Since You Went Away begins with this written introduction: "This is the story of that unconquerable fortress--the American Home, 1943." And sure enough we see a nice, big American home. Residing in this unconquerable fortress is Tim Hilton, an advertising executive, his wife,, and his two teenage daughters. Actually, Tim was residing in this house. He's left, by his own free will, to fight World War II. He exists in this film only as a framed picture (it's actually Neil Hamilton, who had been a star a decade earlier. And two decades after this movie, he would play Commissioner Gordon on TV's Batman.)
To play Bridget, or "Brig", the younger of the two daughters, Shirley Temple was lured out of "retirement." 16 when she made this, she talks and acts like she's still six. In fact, throughout this movie I kept half-expecting her to start singing "On The Good Ship Lollipop." Good thing she didn't. It would have clashed with Max Steiner's fine score. The older daughter, Jane, is played by Jennifer Jones, only one of the most beautiful women ever to have walked the face of the Earth. Her mother, Anne, is all right, too. More than all right, as she's played, at age 41, by the still sexy Claudette Colbert. The filmmakers didn't necessarily want her to come across as sexy. At least not initially. So they do their best to dowdy her up. Well, if all dowdy women looked like this, the Miss America Pageant would be forced to start a frumpy house dress competition.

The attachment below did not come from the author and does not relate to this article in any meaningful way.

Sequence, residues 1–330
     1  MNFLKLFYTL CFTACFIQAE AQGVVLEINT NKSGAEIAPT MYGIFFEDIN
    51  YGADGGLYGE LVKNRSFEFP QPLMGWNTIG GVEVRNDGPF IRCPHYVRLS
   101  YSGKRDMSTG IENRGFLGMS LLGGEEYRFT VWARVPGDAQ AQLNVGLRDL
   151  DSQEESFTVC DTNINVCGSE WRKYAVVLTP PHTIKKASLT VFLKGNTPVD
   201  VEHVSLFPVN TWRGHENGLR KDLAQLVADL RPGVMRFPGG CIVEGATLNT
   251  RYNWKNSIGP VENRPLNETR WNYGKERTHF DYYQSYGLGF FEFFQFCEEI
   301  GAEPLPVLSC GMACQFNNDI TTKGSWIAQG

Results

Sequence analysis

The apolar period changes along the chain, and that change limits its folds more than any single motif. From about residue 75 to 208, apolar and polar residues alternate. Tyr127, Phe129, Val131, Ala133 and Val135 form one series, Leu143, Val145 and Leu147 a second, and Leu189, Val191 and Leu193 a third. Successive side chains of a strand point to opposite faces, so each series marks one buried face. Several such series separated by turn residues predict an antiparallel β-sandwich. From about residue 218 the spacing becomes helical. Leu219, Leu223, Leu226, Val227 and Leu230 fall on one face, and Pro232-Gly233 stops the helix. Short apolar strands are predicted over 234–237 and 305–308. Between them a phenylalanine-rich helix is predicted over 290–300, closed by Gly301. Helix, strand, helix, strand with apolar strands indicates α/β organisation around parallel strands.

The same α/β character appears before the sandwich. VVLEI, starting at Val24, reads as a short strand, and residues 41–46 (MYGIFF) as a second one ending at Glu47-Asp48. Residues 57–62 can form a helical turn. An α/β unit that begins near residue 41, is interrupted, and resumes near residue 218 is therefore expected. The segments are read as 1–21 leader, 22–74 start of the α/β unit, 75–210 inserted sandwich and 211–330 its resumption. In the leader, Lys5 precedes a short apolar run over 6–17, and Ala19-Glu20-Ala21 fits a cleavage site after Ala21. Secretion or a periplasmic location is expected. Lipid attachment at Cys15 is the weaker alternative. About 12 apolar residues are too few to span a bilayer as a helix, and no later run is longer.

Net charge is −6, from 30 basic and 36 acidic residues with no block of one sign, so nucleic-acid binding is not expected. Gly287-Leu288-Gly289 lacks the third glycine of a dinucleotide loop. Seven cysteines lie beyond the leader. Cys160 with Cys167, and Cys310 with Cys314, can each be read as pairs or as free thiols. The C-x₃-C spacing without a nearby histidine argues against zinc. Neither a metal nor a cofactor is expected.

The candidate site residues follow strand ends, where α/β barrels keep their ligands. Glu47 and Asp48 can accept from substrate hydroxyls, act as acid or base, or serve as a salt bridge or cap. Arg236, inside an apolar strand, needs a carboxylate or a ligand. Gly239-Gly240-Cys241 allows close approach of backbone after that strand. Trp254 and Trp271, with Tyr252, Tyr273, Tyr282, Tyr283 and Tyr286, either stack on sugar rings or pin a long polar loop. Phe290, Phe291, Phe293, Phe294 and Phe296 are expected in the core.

As I said earlier, Tim was an ad executive, and the loss of his paycheck means Anne has to get rid of the family's black housekeeper Fidelia, played by Gone With The Wind veteran Hattie McDaniel. That Academy Award she won, the first by an African-American, really opened up a lot of doors for her, didn't it? From slave to maid. Well, as she herself said, "I'd rather play a maid for $700 a week that be one for $7"
Mr. Mahoney, a local shopkeeper, agrees to extend credit to the now struggling family. Anne, in turn, agrees to talk to her husband about giving Mahoney's serviceman son Johnny a job with the ad agency once peace is at hand. Betcha' didn't know we had a barter economy during World War II, huh?